Today’s project will counterbalance these images of death with images of hope. Today, the team is hanging digital picture frames that will feature pictures of LSA’s South African Partners –Light Providers, World Changers Academy, Lily of the Valley, Sinikithemba, Makaphutu Children’s Village and Siyaphila.

Not only will these pictures remind LSA’s staff why they do what they do, these pictures will also show people new to LSA what LSA does.

Showing people LSA’s work with its South African partners has become a crucial part of this ministry. In fact, the organization is currently working on its newest project: the HIV Positive Experience. This project, housed in the back of LSA’s office, will show Americans what it is like to live with HIV in South Africa.

The experience is an interactive walk-through exhibit with a variety of stations.  Participants will watch videos, sit in a replica hut, drink South African tea, and touch dirt from mass graves.

This hut is part of LSA’s new HIV Positive Experience.

According to LSA’s Jay Kirkpatrick, the experience will introduce people in central Indiana to the “sight, touch, taste, and smell of South Africa.” The experience will shake visitors, but it will also inspire visitors. They will leave with “practical tools” that they can use to address the HIV/AIDS epidemic.

The HIV Positive Experience will open to the public within the next few months. Once it is open, it will abolish the distance that separates people in central Indiana and people in South Africa. Distance will seem so petty when people realize that the horrors of the HIV/AIDS epidemic are so tragic and so easily preventable.

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Next Steps
    • Learn more about the AIDS epidemic in Africa by watching the feature film Yesterday. You can even host a viewing party with some friends to spread awareness. Yesterday tells the story of a young South African mother that learns that she has been infected with the AIDS virus.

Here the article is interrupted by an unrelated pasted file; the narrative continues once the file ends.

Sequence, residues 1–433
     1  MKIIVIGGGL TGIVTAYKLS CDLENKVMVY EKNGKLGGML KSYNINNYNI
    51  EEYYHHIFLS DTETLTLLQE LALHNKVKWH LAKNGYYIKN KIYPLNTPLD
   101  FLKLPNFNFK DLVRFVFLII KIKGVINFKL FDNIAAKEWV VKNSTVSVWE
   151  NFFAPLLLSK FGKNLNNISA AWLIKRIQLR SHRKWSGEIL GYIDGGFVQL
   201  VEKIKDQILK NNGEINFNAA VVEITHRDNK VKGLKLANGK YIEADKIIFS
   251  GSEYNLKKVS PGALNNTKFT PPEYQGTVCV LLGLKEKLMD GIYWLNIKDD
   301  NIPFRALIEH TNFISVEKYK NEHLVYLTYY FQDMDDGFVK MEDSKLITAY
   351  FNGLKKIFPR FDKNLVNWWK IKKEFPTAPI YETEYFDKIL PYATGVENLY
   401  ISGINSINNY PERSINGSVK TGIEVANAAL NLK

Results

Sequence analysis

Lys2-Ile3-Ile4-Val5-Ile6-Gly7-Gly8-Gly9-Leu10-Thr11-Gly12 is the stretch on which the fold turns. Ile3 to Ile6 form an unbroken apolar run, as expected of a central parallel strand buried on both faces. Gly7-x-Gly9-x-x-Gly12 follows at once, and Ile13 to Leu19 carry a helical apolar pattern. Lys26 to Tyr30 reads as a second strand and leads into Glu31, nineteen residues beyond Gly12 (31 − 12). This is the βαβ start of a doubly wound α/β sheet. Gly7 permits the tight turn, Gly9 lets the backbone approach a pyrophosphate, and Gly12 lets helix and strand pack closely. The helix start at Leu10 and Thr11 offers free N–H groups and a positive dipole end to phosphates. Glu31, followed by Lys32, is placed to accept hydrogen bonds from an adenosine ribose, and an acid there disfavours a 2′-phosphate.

• Support LSA by donating through this secure link.
    • Stay tuned to LSA’ s website to learn about what is happening with the HIV Positive Experience. It should be open to the public in the next few months.
    • Pray for LSA’s and its parent organization, Loving Accurately Ministries. These two organizations are performing critical work to help Christians learn how they can be effective in how they show their love to the world.
    Next Steps

About the Author: Every year, Grace Community Church in Noblesville, Indiana shuts its doors, cancels its services and sends its congregation out to do service projects all over the city. This team of volunteer journalists from Grace’s congregation told some of the stories from the weekend.

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Comments

  1. Jim M. said... 

    Reply

    November 12th, 2010 at 1:23 am  

    Jalynn,

    I always love to read about what is going on at LSA. The battle for justice at the epicenter of the AIDS epidemic seems an impossible task. A few years ago I visited LSA on a prayer walk and was blown away by what I experienced and saw. The staff there is doing unbelievable work. And they continue to claim victory one life at a time. Anyone who has not visited LSA should go. Thanks for this article.